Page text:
Rolling Stone - 12/14/2006 3.5 stars out of 5 -- "[T]he movie works on its own, with a gleam of seductive corruption....The actors all come up with aces....It's pure moviegoing bliss."
Entertainment Weekly - 12/22/2006
"Soderbergh has re-created not only the kind of story told in the 1940s, but the kind of technical production Hollywood gloried in more than half a century ago, too." -- Grade: B
Sight and Sound - 03/01/2007
"It vividly recreates the soundstage artifice of Warner Bros' wartime noirs -- replete with melodramatic dynamics but minus the restrictive gentility of 1940s Hollywood."
Total Film - 04/01/2007 4 stars out of 5 -- "[W]ith Blanchett channelling Marlene Dietrich in an extraordinary performance....Clooney reins it in, playing it with suitably blunt bemusement..."
Uncut - 12/01/2007 4 stars out of 5 -- "Steven Soderbergh continues his genre-cruising career with this stylised b/w tribute to '40s noir..."
One of mainstream cinema's most tirelessly inventive directors, Steven Soderbergh delivers another big-budget stylistic experiment with THE GOOD GERMAN. This time around, Soderbergh's target is 1940s film noir. Set in postwar Berlin, the atmospheric thriller is based on the acclaimed novel by Joseph Kanon. Frequent Soderbergh collaborator George Clooney plays Jake Geismer, an American military journalist who has returned to Berlin for the Potsdam Peace Conference. Jake's driver, Tully (Tobey Maguire), appears innocent upon first glance, but is in fact a major player in the corrupt Berlin underworld. He's also dating Jake's former flame, Lena Brandt (Cate Blanchett), whose beauty continues to torment Jake. When Tully's cadaver washes ashore one day, Jake is shocked to discover that nobody wants to go public with the news. As much as he'd like to forget about Lena, he can't. Pretty soon, he's risking his life to help her flee the country.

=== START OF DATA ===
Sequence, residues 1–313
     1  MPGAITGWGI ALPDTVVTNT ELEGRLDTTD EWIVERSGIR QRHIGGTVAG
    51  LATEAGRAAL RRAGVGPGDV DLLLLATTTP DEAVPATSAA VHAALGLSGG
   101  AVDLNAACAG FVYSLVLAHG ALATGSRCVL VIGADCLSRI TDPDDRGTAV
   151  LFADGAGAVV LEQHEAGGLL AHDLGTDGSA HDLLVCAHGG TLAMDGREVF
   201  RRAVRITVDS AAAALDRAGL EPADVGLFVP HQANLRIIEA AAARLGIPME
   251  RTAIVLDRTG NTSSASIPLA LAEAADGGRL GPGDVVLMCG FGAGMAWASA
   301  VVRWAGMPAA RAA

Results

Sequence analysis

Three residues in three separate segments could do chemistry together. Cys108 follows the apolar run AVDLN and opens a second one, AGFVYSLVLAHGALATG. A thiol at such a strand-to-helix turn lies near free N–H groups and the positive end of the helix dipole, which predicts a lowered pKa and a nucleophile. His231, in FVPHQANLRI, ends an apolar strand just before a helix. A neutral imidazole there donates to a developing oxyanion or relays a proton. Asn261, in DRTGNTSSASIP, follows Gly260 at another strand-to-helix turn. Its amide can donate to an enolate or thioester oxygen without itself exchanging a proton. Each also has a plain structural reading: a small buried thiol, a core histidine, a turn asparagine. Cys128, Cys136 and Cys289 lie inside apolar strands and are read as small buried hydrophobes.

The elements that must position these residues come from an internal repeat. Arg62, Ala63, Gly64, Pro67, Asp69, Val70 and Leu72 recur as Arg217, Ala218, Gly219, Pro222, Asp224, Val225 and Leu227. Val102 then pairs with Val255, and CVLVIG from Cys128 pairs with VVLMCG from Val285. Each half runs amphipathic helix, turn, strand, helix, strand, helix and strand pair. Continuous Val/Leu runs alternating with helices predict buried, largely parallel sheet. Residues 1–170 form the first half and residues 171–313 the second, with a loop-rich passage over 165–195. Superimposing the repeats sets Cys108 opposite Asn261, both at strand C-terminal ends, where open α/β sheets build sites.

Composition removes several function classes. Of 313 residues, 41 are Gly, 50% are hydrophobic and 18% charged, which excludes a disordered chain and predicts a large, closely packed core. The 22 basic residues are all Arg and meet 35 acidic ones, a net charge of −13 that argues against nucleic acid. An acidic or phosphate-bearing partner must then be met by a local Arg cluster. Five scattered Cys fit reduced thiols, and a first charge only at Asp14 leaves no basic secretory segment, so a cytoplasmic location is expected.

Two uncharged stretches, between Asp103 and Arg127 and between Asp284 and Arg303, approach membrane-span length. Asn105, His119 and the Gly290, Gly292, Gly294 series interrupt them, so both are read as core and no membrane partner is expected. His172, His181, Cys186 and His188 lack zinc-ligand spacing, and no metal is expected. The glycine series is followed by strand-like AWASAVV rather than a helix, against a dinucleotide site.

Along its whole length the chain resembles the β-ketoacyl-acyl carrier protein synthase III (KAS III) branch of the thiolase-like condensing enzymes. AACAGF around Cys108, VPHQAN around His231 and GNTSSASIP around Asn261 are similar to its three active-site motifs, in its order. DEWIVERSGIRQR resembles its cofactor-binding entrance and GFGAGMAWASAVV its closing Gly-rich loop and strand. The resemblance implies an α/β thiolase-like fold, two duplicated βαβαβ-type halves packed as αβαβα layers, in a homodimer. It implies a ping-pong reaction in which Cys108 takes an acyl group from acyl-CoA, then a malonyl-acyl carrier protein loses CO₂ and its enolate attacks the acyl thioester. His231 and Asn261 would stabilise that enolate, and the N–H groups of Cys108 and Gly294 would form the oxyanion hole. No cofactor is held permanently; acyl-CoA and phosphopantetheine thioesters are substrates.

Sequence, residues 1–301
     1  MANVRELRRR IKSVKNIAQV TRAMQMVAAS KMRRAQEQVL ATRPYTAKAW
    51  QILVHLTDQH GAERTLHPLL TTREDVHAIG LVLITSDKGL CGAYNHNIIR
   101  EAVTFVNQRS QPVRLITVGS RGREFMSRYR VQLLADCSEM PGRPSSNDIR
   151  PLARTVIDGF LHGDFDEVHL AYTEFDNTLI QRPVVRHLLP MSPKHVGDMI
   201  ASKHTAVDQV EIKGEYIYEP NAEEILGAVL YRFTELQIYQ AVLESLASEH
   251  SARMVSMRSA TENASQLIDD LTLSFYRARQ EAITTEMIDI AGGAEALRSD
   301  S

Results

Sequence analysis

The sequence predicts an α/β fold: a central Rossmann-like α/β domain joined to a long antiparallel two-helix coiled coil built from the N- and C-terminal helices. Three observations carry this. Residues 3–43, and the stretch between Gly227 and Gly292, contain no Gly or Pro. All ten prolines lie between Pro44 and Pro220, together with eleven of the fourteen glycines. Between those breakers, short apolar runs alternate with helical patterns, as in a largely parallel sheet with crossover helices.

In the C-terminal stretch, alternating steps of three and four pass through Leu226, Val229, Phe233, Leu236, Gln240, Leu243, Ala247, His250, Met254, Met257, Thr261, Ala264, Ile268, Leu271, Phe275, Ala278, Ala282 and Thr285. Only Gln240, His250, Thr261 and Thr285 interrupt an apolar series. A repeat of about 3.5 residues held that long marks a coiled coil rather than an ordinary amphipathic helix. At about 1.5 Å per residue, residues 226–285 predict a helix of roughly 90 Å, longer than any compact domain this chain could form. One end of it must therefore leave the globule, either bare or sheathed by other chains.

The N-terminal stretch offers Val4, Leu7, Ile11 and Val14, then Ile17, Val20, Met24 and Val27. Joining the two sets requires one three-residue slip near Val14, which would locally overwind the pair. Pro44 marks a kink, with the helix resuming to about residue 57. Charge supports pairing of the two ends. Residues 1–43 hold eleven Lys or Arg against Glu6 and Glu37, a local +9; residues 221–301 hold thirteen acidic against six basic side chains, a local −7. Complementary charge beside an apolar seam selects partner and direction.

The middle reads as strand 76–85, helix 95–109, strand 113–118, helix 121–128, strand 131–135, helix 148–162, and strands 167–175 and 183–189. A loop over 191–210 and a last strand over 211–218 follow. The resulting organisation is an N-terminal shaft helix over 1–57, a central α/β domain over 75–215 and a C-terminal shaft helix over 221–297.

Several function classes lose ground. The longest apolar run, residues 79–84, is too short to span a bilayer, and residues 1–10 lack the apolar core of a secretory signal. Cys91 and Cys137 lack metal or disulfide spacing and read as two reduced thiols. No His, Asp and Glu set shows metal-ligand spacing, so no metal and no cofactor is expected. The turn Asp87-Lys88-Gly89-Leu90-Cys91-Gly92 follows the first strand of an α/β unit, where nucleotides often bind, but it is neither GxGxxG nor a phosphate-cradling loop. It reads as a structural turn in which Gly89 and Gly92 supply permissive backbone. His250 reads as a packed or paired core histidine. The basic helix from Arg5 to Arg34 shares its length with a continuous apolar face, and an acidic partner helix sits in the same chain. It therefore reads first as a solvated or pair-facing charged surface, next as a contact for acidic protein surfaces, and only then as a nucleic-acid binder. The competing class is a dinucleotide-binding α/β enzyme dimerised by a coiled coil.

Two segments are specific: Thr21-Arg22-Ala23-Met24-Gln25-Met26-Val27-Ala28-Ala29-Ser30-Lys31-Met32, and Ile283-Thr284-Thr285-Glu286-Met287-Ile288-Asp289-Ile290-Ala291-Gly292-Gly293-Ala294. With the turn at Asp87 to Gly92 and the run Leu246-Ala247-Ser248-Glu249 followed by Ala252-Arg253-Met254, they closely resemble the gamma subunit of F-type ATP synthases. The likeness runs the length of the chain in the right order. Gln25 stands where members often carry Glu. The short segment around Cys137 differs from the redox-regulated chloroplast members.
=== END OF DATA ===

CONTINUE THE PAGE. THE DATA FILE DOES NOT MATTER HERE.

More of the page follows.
In shooting THE GOOD GERMAN, Soderbergh employed many of the actual filmmaking techniques that were used in the 1940s: black-and-white cinematography, elaborately constructed sets, wide master shots, and a sweeping score (compliments of Thomas Newman). The result is a film that looks and feels like it was made in a much earlier era, yet which contains the graphic language and content of an R-rated early 21st-century production.
Journalists / Journalism |
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Murder Mysteries |
Theatrical Release |
World War II |